How do you use the Henderson-Hasselbalch to calculate the pH of a buffer solution that is .50 M in #NH_3# and . 20 M in #NH_4Cl#?

For ammonia, #pK_b=4.75#.

1 Answer
Aug 4, 2016

Answer:

That buffer solution has a pH of #9.65#

Explanation:

Before I introduce Henderson-Hasselbalch's equation, we should identify the acid and base. Ammonia #(NH_3)# is always a base and the ammonium ion #(NH_4^(+))# is the conjugate acid of ammonia. A conjugate acid has one more proton #(H^+)#than the base you started with.

Now, we can use this equation:
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As you can see, we are given a pKb instead of a pKa. But, no worries we can use the following equation that relates both constants to each other:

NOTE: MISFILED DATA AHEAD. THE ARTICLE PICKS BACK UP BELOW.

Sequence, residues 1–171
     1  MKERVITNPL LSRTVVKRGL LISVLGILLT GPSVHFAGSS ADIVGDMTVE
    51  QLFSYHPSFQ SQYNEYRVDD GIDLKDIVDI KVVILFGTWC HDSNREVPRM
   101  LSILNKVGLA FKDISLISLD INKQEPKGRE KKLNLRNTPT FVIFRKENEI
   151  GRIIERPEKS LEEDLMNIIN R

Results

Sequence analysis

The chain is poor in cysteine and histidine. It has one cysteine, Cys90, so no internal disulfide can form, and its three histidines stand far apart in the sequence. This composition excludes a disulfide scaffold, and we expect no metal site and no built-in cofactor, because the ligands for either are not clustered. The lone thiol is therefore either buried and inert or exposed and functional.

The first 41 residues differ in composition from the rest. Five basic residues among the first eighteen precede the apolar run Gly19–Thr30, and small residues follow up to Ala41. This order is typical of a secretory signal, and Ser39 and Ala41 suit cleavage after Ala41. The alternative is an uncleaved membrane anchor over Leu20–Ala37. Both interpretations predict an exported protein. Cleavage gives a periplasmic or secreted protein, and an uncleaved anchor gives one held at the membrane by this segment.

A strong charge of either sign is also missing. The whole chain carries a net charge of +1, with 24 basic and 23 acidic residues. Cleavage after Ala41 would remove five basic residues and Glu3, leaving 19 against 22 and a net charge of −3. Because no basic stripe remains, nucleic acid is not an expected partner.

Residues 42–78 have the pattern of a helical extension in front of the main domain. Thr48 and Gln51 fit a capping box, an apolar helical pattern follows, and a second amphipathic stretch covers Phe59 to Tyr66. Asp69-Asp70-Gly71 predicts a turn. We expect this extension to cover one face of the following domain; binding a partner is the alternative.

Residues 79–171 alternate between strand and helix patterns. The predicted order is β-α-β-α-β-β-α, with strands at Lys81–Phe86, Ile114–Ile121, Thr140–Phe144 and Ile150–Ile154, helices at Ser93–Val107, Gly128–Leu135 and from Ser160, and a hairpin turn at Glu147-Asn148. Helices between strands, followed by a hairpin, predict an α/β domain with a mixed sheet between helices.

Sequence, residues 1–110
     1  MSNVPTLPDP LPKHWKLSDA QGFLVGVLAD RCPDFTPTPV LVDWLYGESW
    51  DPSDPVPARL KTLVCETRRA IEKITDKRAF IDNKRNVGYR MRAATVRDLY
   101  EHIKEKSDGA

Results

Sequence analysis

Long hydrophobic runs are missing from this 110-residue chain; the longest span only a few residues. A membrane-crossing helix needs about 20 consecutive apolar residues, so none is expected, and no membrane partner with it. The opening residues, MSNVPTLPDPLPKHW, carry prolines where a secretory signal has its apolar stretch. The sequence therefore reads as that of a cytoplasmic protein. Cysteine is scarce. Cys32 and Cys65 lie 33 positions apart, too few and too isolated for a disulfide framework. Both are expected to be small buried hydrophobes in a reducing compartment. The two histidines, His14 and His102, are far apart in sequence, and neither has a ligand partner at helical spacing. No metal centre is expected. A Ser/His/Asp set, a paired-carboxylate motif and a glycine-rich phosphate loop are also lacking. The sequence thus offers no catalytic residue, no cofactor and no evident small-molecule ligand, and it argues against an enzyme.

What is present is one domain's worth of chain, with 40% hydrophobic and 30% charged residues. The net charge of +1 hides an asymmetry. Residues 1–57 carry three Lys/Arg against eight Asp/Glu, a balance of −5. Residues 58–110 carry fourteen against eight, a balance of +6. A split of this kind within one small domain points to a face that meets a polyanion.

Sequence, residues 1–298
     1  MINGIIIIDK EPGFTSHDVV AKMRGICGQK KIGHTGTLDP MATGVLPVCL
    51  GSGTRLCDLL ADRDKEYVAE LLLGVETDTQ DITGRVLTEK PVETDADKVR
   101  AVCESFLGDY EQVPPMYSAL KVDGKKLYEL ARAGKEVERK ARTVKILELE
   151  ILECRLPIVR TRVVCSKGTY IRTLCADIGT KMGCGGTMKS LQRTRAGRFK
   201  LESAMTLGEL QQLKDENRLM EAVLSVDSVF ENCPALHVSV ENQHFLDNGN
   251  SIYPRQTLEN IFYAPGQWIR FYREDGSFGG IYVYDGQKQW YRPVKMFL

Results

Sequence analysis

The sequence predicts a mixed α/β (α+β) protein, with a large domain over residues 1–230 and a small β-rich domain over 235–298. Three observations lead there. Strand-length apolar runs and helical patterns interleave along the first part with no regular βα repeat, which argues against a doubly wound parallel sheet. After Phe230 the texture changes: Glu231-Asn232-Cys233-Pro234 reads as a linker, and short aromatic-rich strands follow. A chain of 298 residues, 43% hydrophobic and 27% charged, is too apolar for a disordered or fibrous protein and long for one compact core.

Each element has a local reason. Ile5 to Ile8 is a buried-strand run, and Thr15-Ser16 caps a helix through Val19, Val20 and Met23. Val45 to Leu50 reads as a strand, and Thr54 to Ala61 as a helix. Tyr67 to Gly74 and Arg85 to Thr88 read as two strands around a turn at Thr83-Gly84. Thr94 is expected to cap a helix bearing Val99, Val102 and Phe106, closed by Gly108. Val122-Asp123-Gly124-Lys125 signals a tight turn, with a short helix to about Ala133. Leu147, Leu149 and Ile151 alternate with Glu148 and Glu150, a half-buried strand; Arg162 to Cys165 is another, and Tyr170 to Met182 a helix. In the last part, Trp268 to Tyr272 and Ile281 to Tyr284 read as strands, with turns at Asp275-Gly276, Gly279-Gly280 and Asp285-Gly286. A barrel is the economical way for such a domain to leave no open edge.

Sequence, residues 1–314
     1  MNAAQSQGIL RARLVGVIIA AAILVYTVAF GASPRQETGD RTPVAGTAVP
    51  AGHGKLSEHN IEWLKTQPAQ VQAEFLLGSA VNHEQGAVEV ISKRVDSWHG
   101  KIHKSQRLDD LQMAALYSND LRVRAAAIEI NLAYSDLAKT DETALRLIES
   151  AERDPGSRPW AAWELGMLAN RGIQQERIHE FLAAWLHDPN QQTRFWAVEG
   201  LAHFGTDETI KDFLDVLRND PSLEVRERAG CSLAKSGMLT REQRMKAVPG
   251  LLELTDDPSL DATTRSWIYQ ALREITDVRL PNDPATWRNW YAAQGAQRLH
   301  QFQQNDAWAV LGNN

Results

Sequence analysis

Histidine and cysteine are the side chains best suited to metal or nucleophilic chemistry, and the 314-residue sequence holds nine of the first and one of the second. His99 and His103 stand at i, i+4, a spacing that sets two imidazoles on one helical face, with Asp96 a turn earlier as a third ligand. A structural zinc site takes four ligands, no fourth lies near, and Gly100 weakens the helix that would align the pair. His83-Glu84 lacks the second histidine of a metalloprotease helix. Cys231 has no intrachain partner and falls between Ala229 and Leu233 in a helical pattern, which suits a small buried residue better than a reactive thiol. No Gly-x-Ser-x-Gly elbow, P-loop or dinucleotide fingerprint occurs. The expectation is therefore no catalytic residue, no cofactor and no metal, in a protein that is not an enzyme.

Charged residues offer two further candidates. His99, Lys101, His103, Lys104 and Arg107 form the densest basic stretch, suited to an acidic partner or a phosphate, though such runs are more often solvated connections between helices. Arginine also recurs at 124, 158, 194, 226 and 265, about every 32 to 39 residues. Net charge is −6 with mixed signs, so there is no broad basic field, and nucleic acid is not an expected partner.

#color(white)(aaaaaaaaaaaaaaaaaaa)#pKa + pKb = 14

We can solve for the pKa by subtracting the given pKb from 14:

#14 - 4.75 = 9.25#

Thus, your pKa is 9.25

Next, we can obtain the [base] and [acid] from the question.

[#NH_3#]= .50 M [#NH_4#] =.20 M

We're not really concerned with the chloride anion that attached to the ammonium ion because it's a spectator ion and it has no effect on the buffer system.

Now, we have all of the information to determine the pH. Let's plug our values into the equation:

#pH = 9.25 + log( [0.50]/[0.20])#

#pH = 9.65#